The use of genetics and genomics within a wide range of health-care settings requires health professionals to develop expertise to practise appropriately. There is a need for a common minimum standard of competence in genetics for health professionals in Europe but because of differences in professional education and regulation between European countries, setting curricula may not be practical. Core competences are used as a basis for health professional education in many fields and settings. An Expert Group working under the auspices of the EuroGentest project and European Society of Human Genetics Education Committee agreed that a pragmatic solution to the need to establish common standards for education and practice in genetic health care was to agree to a set of core competences that could apply across Europe. These were agreed through an exhaustive process of consultation with relevant health professionals and patient groups. Sets of competences for practitioners working in primary, secondary and tertiary care have been agreed and were approved by the European Society of Human Genetics. The competences provide an appropriate framework for genetics education of health professionals across national boundaries, and the suggested learning outcomes are available to guide development of curricula that are appropriate to the national context, educational system and health-care setting of the professional involved. Collaboration between individuals from many European countries and professions has resulted in an adaptable framework for both pre-registration and continuing professional education. This competence framework has the potential to improve the quality of genetic health care for patients globally.
The effect of genomics on health care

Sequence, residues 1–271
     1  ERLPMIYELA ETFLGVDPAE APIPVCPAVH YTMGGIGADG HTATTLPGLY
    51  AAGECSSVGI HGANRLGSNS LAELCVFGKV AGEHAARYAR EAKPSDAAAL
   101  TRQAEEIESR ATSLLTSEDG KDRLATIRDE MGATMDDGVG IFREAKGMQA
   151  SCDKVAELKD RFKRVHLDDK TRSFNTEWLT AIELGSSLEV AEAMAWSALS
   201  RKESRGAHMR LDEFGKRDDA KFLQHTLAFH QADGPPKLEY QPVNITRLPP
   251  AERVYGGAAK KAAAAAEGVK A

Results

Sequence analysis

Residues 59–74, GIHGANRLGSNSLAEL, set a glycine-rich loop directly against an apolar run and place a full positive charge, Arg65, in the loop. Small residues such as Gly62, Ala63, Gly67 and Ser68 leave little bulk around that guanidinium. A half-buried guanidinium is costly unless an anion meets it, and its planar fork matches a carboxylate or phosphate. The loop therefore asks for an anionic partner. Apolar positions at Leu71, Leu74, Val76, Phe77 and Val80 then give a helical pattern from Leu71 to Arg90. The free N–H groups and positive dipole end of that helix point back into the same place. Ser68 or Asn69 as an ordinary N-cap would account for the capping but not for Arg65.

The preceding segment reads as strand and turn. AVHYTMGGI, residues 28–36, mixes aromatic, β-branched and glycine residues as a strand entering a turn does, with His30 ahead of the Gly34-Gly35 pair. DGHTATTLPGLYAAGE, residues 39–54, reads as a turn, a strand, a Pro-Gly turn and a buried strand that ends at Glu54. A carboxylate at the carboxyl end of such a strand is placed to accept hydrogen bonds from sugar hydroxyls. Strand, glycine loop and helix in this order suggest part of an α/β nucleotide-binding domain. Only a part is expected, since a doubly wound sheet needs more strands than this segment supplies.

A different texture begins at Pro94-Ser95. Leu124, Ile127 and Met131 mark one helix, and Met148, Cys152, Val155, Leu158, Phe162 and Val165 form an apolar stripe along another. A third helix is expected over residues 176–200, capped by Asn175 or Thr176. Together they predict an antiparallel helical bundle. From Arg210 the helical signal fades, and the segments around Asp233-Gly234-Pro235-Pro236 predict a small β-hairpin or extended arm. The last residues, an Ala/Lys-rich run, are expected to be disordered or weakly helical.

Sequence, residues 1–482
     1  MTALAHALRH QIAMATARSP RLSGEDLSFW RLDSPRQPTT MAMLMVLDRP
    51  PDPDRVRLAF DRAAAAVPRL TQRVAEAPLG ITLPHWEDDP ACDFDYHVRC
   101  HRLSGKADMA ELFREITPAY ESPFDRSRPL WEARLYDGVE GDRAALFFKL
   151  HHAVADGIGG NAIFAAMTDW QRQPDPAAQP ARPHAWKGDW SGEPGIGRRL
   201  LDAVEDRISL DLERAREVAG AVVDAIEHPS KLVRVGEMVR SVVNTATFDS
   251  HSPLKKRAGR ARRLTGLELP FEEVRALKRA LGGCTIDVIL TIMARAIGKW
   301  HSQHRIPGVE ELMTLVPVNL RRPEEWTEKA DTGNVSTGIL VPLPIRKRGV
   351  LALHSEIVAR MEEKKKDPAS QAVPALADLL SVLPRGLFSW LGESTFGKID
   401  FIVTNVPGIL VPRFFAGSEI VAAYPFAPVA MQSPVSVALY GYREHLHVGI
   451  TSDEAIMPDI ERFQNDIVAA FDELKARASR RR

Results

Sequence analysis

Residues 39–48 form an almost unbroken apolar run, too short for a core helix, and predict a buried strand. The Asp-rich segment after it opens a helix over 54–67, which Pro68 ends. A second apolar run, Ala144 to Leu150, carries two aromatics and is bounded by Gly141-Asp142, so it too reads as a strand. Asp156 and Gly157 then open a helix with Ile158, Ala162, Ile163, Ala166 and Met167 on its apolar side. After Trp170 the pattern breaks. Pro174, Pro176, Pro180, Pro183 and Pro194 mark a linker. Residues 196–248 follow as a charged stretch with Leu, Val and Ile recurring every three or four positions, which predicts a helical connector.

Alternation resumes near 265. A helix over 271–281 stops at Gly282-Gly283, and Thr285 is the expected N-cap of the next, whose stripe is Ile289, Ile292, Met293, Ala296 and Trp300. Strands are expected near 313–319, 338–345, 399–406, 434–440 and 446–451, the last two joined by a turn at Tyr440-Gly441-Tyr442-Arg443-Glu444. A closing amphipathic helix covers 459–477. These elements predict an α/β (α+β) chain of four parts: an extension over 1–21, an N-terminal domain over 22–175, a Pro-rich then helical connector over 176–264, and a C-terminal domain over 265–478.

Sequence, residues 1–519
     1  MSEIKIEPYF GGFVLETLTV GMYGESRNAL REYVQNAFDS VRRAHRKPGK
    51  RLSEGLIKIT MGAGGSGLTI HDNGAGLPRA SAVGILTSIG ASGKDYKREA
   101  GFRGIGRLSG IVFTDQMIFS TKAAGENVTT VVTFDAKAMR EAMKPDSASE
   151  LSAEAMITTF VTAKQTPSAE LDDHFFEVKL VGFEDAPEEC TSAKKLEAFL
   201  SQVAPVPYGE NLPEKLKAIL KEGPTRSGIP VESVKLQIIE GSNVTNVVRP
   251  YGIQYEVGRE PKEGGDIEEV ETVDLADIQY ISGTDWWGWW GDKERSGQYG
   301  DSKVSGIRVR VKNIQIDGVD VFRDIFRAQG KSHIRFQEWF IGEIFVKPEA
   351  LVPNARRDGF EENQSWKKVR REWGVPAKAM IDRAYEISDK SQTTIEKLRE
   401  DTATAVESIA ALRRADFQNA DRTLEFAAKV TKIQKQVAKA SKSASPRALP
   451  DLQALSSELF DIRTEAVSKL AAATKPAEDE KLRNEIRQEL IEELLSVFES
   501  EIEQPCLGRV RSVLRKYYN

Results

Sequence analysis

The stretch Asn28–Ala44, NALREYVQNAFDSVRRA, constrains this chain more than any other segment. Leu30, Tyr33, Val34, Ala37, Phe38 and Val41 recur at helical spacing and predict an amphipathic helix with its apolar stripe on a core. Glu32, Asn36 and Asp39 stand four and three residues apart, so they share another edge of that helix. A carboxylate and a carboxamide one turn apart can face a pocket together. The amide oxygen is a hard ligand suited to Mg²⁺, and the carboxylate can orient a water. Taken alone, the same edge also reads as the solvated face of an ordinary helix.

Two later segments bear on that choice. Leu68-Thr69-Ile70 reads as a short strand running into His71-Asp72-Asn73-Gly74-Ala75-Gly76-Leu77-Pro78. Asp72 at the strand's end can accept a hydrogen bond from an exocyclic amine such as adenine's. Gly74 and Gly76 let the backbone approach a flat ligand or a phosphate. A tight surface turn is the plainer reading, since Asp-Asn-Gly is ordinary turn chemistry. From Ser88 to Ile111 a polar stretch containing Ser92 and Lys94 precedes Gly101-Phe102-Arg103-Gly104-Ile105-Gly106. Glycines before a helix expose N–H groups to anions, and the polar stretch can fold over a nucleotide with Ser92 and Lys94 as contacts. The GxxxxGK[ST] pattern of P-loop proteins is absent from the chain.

The science of genomics is increasingly important to health-care provision in Europe as an estimated 30 million people now suffer from genetic diseases within the enlarged European community.1 The number of genetic tests being performed is changing rapidly,2, 3 with a concurrent increase in the number of individuals who have to make decisions about testing that may profoundly influence not only their own lives, but also the lives of their family members. Genetic health care has been offered for several decades by specialist doctors, nurses and counsellors working in the context of genetics clinics, but the relatively new science of genomics (interaction between genes and the environment that influence health and disease) is also having an effect on health-care delivery.4 As understanding of the effect of gene variation on the complex or common diseases increases, knowledge of genetics is needed by health professionals to practise in the current genomic era.5 Moreover, the science of pharmacogenomics is steadily affecting the quality of health care. Genetic tests, such as those for CYP2C9/VKORC1 polymorphisms before administration of warfarin,6 are now being used to increase patient safety and the efficacy of drug therapy. Within families, counselling for both patients and their relatives with respect to adverse drug reactions can also be vital and requires knowledge of genetics and pharmacogenomics by primary health-care providers. It is therefore essential that health professionals are appropriately prepared to deliver such patient care.